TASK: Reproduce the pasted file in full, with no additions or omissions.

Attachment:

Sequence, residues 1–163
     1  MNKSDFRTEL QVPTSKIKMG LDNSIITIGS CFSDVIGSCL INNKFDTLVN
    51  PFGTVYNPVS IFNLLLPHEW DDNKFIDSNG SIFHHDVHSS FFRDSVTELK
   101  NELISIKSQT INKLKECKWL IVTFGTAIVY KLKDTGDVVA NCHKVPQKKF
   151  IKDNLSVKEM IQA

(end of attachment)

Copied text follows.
Sequence, residues 1–163
     1  MNKSDFRTEL QVPTSKIKMG LDNSIITIGS CFSDVIGSCL INNKFDTLVN
    51  PFGTVYNPVS IFNLLLPHEW DDNKFIDSNG SIFHHDVHSS FFRDSVTELK
   101  NELISIKSQT INKLKECKWL IVTFGTAIVY KLKDTGDVVA NCHKVPQKKF
   151  IKDNLSVKEM IQA